ourEconomy

Economic planning is back

Big data has created new opportunities for a postcapitalist future. But to realise its potential, our democracy must catch up.

Cédric Durand Razmig Keucheyan
12 July 2019
Image: Mohamed Hassan, CC0 Public Domain

When the USSR collapsed, the issue of economic planning seemed to be settled once and for all. In the struggle between the market and the plan, the former had won a decisive victory. Thirty years after the fall of the Berlin wall, the verdict is not so obvious anymore. Throughout the world, academic and political debates about economic planning are on the rise.

Three reasons explain this unexpected return. First, the Great recession of 2008. This crisis of capitalism not only illustrated, once again, the irrationality of the market. But the efforts to contain it came with massive state interventions, financial and regulatory. In the post-2008 world, the victory of the “free and undistorted” market mechanism appears less decisive after all.

Secondly, the ecological crisis. When it comes to thinking about sustainable development, many consider planning without using the word. Nowadays experts rather refer to environmental “scenarios”, that will deliver a carbon-free future. In the “Green new deal” debate sparked by Alexandria Ocasio-Cortez’s endorsement of the project, the word “planning” is rarely used. But the idea of subjecting productive choices and investment to long-term goals other than profit is clearly there. It amounts to economic planning.

The third reason is the rise of information technologies. Historical forms of planning were burdened with the so-called “information problem”. Socialist regimes of the 20th century tried to replace coordination by the price-signal and supply and demand with ex-ante planning. This was meant to allow a more rational allocation of resources (natural resources, labor force) and hence to make economies less crisis and unemployment prone. Among other things, this implied being able to predict in advance which needs to satisfy, and to provide this information to the production units.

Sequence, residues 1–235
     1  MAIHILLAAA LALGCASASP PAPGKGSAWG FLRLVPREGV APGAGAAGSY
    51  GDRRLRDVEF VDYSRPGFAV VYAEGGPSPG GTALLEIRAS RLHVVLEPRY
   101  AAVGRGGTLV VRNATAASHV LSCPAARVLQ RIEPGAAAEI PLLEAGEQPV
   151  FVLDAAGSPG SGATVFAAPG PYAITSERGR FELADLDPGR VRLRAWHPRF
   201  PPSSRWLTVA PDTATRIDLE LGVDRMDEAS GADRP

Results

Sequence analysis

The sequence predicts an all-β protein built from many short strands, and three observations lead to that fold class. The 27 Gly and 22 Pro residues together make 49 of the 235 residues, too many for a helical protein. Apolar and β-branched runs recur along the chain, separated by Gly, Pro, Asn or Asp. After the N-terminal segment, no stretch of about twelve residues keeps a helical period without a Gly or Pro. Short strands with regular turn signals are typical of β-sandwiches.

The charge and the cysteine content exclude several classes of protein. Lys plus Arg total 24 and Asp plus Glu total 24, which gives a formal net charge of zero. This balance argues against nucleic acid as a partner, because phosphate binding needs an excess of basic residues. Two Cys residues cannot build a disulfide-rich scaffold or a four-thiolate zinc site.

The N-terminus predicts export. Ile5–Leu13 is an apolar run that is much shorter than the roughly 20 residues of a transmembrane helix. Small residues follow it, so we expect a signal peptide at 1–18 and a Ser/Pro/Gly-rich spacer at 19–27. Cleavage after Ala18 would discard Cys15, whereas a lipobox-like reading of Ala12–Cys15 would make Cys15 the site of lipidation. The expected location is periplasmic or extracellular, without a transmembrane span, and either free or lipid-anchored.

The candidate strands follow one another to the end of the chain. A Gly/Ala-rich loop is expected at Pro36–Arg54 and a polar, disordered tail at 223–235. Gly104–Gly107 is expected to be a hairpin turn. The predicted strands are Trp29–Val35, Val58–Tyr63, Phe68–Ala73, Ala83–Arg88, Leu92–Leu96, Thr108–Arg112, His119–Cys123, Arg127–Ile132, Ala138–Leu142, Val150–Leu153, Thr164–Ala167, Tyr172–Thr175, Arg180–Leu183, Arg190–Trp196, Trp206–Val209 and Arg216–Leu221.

In the 20th century, ex-ante planning clearly failed. What do consumers want, and how much of it do they want, are two questions planners were never able to answer efficiently. Gathering the necessary information so as to coordinate economic activity revealed impossible. To elaborate a plan, you have to aggregate information at the macroeconomic level, and at the same time face inescapable uncertainties in production and changes in consumer’s preferences. Moreover, this should be done in a timely manner. Distortions in the expression of needs, and inertia in the productive apparatus, provoked the stalemate of the system.

One of the great questions of the early 21st century is this: do algorithms and big data change the nature of this problem? ‘The Big Data revolution can revive the planned economy’, according to a September 2017 Financial Times column. Digital platforms are a powerful tool for centralizing and managing information. Unlike what happened in the USSR, this centralization is not done by human beings with limited cognitive faculties, and prone to error and corruption. It is done by algorithms.

Amazon knows a great deal about consumer preferences in many sectors. Big data allows to combine macroeconomic (or quantitative) with microeconomic (or qualitative) coordination. Platforms are able to aggregate massive amounts of information instantly, and simultaneously to keep track of individual preferences. This, the Soviet bureaucracy of planners was never able to achieve.